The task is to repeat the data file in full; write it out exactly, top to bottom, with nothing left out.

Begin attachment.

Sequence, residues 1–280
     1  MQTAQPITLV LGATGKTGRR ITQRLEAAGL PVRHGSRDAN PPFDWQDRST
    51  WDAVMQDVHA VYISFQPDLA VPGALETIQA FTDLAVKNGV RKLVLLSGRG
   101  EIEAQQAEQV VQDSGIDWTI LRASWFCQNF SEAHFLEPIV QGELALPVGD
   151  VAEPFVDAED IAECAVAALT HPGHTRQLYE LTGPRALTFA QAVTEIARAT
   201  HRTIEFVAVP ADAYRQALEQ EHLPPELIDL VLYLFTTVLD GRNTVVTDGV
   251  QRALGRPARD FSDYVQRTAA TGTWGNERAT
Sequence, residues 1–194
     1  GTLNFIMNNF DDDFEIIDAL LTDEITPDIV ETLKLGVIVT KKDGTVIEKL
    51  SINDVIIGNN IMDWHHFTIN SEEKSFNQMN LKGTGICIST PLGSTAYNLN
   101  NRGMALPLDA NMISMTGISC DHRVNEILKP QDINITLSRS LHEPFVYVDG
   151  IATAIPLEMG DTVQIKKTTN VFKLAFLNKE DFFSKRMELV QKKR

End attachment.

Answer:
Sequence, residues 1–280
     1  MQTAQPITLV LGATGKTGRR ITQRLEAAGL PVRHGSRDAN PPFDWQDRST
    51  WDAVMQDVHA VYISFQPDLA VPGALETIQA FTDLAVKNGV RKLVLLSGRG
   101  EIEAQQAEQV VQDSGIDWTI LRASWFCQNF SEAHFLEPIV QGELALPVGD
   151  VAEPFVDAED IAECAVAALT HPGHTRQLYE LTGPRALTFA QAVTEIARAT
   201  HRTIEFVAVP ADAYRQALEQ EHLPPELIDL VLYLFTTVLD GRNTVVTDGV
   251  QRALGRPARD FSDYVQRTAA TGTWGNERAT
Sequence, residues 1–194
     1  GTLNFIMNNF DDDFEIIDAL LTDEITPDIV ETLKLGVIVT KKDGTVIEKL
    51  SINDVIIGNN IMDWHHFTIN SEEKSFNQMN LKGTGICIST PLGSTAYNLN
   101  NRGMALPLDA NMISMTGISC DHRVNEILKP QDINITLSRS LHEPFVYVDG
   151  IATAIPLEMG DTVQIKKTTN VFKLAFLNKE DFFSKRMELV QKKR